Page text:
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Dynamic Earthquake Rupture and the 2011 M9 Tohoku Earthquake

rupture_velocity.jpgAn important goal of computational seismology is to simulate dynamic earthquake rupture and strong ground motion in realistic models that include crustal heterogeneities, non-linear rheologies and complex fault geometries. Increasing computational power is allowing scientists to resolve the small-scale processes through the use of numerical models at high resolution and large scales. Towards this goal, Galvez et al. (2014) incorporate dynamic rupture modeling capabilities in a spectral element solver on unstructured meshes, the 3-D open source code SPECFEM3D, and employ state-of-the-art software (CUBIT) for the generation of unstructured meshes of hexahedral elements. These tools provide high flexibility in representing fault systems with complex geometries, including faults with branches and non-planar faults. The domain size is extended with progressive mesh coarsening to maintain an accurate resolution of the static field. The implementation of dynamic rupture boundary conditions does not affect the parallel scalability of the code, enabling high-performance execution for large-scale dynamic rupture calculations. The accuracy of the implementation is verified by comparing the results to those of two finite element codes on benchmark problems including branched faults through the SCEC/USGS Dynamic Rupture Code Validation Project.

The tool is applied to develop a preliminary dynamic rupture model of the 2011 Mw 9.0 Tohoku earthquake that includes a non-planar plate interface with heterogeneous frictional properties and initial stresses. The final 3-D model consists of 2 km hexahedral mesh, 7,498,240 elements, with predetermined placements of asperities.  The simulation used about 15,000 cpu hours at the Swiss National Supercomputer Center.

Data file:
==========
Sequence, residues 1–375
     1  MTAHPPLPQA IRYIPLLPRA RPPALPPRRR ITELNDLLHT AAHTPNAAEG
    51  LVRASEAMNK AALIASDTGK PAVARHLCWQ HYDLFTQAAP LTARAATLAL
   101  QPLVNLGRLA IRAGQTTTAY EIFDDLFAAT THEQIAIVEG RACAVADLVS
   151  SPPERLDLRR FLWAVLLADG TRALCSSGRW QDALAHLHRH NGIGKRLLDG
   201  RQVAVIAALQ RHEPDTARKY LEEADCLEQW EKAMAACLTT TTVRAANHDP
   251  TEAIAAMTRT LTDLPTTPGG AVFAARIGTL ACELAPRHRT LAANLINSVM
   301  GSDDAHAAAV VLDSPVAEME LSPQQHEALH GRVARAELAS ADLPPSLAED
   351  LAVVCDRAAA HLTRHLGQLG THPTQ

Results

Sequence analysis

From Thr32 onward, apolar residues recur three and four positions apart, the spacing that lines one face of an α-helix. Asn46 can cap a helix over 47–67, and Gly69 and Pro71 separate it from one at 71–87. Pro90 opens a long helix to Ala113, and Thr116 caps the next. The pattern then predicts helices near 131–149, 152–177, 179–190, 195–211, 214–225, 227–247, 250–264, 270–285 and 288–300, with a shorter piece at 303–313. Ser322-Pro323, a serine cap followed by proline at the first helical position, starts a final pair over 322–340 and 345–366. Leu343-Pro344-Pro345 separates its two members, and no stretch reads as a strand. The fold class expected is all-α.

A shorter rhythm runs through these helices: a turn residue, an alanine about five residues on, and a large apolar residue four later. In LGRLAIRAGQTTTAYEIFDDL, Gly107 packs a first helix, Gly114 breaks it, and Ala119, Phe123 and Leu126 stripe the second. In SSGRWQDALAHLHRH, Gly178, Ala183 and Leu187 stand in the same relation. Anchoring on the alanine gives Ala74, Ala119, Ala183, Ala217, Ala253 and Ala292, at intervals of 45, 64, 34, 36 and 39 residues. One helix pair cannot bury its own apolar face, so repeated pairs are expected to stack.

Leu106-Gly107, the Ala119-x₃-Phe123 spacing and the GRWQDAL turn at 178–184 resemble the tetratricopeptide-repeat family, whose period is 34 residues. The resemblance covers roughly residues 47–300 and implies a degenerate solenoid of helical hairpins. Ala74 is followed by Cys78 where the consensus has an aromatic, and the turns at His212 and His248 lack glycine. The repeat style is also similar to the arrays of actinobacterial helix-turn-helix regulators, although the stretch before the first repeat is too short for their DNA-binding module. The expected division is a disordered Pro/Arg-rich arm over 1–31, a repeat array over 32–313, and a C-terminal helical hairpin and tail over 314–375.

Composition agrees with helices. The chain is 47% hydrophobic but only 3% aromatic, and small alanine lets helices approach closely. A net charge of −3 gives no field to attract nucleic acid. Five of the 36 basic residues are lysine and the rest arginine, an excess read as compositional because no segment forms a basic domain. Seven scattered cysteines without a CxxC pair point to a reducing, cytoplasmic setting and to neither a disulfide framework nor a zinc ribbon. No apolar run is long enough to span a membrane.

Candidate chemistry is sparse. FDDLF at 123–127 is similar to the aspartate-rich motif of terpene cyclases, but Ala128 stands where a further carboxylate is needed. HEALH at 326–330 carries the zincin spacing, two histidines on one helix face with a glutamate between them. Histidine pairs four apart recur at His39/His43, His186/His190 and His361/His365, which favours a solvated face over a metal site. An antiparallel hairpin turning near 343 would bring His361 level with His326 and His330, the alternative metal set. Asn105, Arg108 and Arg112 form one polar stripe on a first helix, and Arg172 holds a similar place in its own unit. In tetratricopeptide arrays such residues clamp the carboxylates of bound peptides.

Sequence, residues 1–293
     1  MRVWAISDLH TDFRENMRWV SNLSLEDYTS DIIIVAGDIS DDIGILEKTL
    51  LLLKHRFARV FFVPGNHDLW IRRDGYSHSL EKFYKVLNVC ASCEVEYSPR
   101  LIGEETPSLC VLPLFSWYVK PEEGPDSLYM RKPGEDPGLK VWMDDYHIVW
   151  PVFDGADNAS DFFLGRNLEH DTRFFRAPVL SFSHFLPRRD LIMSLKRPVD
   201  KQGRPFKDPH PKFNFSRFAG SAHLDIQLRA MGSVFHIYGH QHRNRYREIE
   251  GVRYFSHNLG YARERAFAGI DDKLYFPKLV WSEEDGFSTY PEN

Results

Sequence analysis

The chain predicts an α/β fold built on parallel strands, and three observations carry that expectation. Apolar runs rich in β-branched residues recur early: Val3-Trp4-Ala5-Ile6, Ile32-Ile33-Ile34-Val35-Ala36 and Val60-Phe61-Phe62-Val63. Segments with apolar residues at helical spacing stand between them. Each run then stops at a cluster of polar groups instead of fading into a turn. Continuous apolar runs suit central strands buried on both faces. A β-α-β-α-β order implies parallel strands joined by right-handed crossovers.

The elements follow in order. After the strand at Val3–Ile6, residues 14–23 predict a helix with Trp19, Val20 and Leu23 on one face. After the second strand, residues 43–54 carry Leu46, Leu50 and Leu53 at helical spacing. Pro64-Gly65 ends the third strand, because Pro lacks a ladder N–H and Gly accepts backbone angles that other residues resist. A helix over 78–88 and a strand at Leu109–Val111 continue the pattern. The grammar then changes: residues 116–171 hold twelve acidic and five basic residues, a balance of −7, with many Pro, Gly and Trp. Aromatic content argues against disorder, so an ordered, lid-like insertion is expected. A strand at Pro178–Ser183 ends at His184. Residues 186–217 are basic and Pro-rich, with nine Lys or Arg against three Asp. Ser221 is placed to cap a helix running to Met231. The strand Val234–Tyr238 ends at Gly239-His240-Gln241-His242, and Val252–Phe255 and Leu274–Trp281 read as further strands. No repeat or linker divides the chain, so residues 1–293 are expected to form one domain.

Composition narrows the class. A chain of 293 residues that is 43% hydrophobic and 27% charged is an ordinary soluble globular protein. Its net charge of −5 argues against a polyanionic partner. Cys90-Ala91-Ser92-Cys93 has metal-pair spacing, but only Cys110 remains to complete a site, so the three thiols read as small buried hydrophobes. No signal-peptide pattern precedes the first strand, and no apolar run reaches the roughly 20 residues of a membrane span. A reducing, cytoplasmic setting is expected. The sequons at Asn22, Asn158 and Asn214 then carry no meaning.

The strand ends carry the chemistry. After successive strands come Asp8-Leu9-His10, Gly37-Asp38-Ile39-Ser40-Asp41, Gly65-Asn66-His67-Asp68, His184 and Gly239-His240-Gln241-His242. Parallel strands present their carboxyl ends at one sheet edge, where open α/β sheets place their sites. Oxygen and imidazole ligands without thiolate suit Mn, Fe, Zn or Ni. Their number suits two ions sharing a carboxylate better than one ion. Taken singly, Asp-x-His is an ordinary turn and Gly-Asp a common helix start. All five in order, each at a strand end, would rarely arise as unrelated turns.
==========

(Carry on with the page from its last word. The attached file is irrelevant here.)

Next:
The rupture history produced by this model reproduces multiple rupture fronts. The up-dip front gradually accelerates and develops super-shear rupture speeds close to the trench, whereas the down-dip front propagates slowly below the hypocenter and migrates more rapidly towards the South. This model is in qualitative agreement with observation by other researches: high frequency radiation in the deep regions of the plate interface and low frequency radiation with large slip close to the trench. The team is now developing a refined dynamic rupture model that matches quantitatively the seismological and geodetic observations of the Tohoku earthquake. Overall, this tool offers a great potential to simulate more realistic earthquakes in complex faults systems.

Figure.  Distribution of rupture velocity in a dynamic rupture model of the Tohoku earthquake. Supershear emerges at the rupture near the trench.

Contributed by Percy Galvez

Galvez, P. and Ampuero, J.- P. and Dalguer, L. A. and Somala, S. N. and Nissen-Meyer, T. (2014) "Dynamic earthquake rupture modelled with an unstructured 3-D spectral element method applied to the 2011 M9 Tohoku earthquake", Geophysical Journal International Volume 198 (2) DOI: 10.1093/gji/ggu203

 

 

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